Why isn’t it applicable to Kerberos authentication? Simply because Kerberos authentication is so strongly linked to names (host and service names) that is does actually need this security feature.

When will you experience this issue? Usually, in a test/dev environment when you redirect services such as IIS web sites or SharePoint to the loopback address. It might also affect production SharePoint when the crawler process is configured to crawl from the locally-deployed WFE role thanks to a modification of the HOSTS file. You may also experience this problem when the server’s are part of an NLB cluster or when an IIS-based application accesses a SQL Server instance located on the same server using the loopback address together with Windows Authentication.

This feature was originally implemented with Windows Server 2003 Service Pack 1 and is therefore present in all recent versions of Windows

Solutions/Workarounds

Note: MS KB Article states you have to disable Strict Name Checking as well; this is not true or at least not true if you don’t plan to use file & print sharing over the loopback adapter (see below)

Note2: My field experience tells not to use the loopback adapter anymore for SharePoint crawler because it may also generate other issue related on security software (anti-virus, local firewall…) adding their load of security checks to the communication channel to the loopback adapter.

DisableStrictNameChecking

Strict Name checking is a security feature specific to the Windows implementation of the SMB protocol (File & Print sharing). It will prevent connections from being stabled to a network share or to a shared printer if the host name used is not the server’s real one. The error message might also be considered as misleading: System error 52 has occurred. A duplicate name exists on the network.

The feature has been originally brought by Windows 2000 and is implemented is all subsequent versions of Windows.

Solutions/Workarounds

Kerberos and how it is related to Names

Like I stated upper in this post, Kerberos authentication protocol integrates name checking in its foundation since the secret exchanged between the client and the service are partially based on the name the service is accessed by. If the name of the service is missing or incorrectly configured in the Kerberos database (Active Directory in the Windows world), the authentication will fail with the internal error KRB5KDC_ERR_S_PRINCIPAL_UNKNOWN and is likely to fall back in NTLM authentication, which will ultimately lead to a successful authentication with a less secure protocol

Therefore, if one or multiple alternate names are used to access a service, the appropriate configuration must be associated with the user account (or computer account) running the service, using, for example SETPSPN or NETDOM like in the example above. Note: While some software offer the possibility to auto-magically register Service Principal Names in AD, very few do that actually)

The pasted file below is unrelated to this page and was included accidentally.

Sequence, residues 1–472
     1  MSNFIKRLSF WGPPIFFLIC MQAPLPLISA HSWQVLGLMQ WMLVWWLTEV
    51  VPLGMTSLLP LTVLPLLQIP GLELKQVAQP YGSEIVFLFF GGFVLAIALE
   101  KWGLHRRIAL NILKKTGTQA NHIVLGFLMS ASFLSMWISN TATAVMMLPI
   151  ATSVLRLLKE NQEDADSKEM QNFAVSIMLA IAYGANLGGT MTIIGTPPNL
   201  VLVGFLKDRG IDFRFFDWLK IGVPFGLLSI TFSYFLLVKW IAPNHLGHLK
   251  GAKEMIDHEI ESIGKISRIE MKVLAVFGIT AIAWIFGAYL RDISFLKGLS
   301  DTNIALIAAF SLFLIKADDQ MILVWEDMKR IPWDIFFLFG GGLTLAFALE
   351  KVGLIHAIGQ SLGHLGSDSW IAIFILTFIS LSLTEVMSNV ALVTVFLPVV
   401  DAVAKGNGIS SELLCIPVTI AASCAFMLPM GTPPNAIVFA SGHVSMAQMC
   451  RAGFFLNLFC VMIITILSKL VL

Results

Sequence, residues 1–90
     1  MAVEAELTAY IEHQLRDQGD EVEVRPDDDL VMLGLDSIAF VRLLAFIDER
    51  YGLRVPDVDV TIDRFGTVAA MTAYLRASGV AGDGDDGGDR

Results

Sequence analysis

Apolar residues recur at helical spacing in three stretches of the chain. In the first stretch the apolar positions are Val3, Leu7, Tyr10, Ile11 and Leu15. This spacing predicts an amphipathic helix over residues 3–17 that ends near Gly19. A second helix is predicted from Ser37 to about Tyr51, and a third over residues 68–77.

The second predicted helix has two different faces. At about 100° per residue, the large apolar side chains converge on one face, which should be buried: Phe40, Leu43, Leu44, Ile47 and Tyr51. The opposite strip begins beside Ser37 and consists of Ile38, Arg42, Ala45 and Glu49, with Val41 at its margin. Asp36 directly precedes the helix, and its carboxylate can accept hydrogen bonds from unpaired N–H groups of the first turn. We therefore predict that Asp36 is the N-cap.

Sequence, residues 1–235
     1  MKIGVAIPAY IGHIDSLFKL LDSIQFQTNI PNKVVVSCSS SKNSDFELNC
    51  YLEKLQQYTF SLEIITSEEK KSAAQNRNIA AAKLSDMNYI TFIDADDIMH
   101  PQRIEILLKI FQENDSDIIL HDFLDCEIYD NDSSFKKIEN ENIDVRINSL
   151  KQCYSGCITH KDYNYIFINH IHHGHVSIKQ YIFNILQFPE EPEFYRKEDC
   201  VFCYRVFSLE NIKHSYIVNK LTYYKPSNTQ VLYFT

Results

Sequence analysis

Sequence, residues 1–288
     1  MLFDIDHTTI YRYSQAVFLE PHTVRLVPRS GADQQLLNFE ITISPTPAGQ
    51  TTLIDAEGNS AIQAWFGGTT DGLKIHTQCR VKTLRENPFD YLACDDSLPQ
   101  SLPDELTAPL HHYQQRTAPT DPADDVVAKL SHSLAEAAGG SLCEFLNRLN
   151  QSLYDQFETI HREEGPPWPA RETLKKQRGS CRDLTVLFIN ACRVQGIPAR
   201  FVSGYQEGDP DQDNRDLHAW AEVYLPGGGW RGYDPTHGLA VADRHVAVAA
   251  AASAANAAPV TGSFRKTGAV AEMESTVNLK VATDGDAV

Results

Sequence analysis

Marc


Active Directory: Schema Versions and How to Retrieve it

Windows Logo

Hello,

Since Windows Server 2012 RTM is publicly available, you might be busy upgrading your forest (or at least, planning to do so). I actually did the same in my lab environments and wanted, at the same time, to revisit the AD Schema’s possible version numbers and ways to retrieve it.

You will find all details in the article I just posted: Active Directory Schema Versions.

Marc


Windows Server 2012: Performance Tuning Guidelines

Windows Server 2012

You might have missed the release of the Performance Tuning Guidelines document recently updated for Windows Server 2012

As reminder, the following guides are still available:

Not to mention their perfect companions, which might require an update as well:

Marc


Windows Server: Memory Pressure on Windows Server 2008 R2 File Server due to System Cache

Recent questions in TechNet Forums reminded me of an issue faced when building large file servers running on Windows Server 2008 R2. By large I mean serving a lot of files, from thousand to millions or more.

To improve performance, Windows Server makes intensive use of file system cache. With files located on an NTFS-formatted partition, this also means caching the additional information associated to the file or folder such as attributes, permissions and so on. Since with NTFS everything is a file, those information’s are stored under the form of metafiles, which are hidden to the user. For each file/folder, the matching metafile entry can have a memory footprint equivalent to at least 1K. Multiplied by the number of files cached, it starts counting on larger file servers. Thanks to Sysinternal’s RAMMap Utility, you can witness this behavior by looking at the line Metafile from the tab Use Counts:

RAMMap_Metafile

There is very little you can do to work around this issue except adding more RAM to the server. Since the amount of memory used depends on the size of files served and the number of files (Metadata), the amount of RAM needed can be relatively easily although roughly calculated.

While you can control the amount of memory used by the file system cache, you can’t prevent the metafiles from being cached.

Finally, a safe way not to get caught by surprise by this behavior once your file server is running in production is to benchmark it beforehand using the File Server Capacity Tool (FSCT).

[UPDATE] While File Servers are the most likely to be affected by this issue, web servers serving large amount of files or workstations used for large development projects might be too…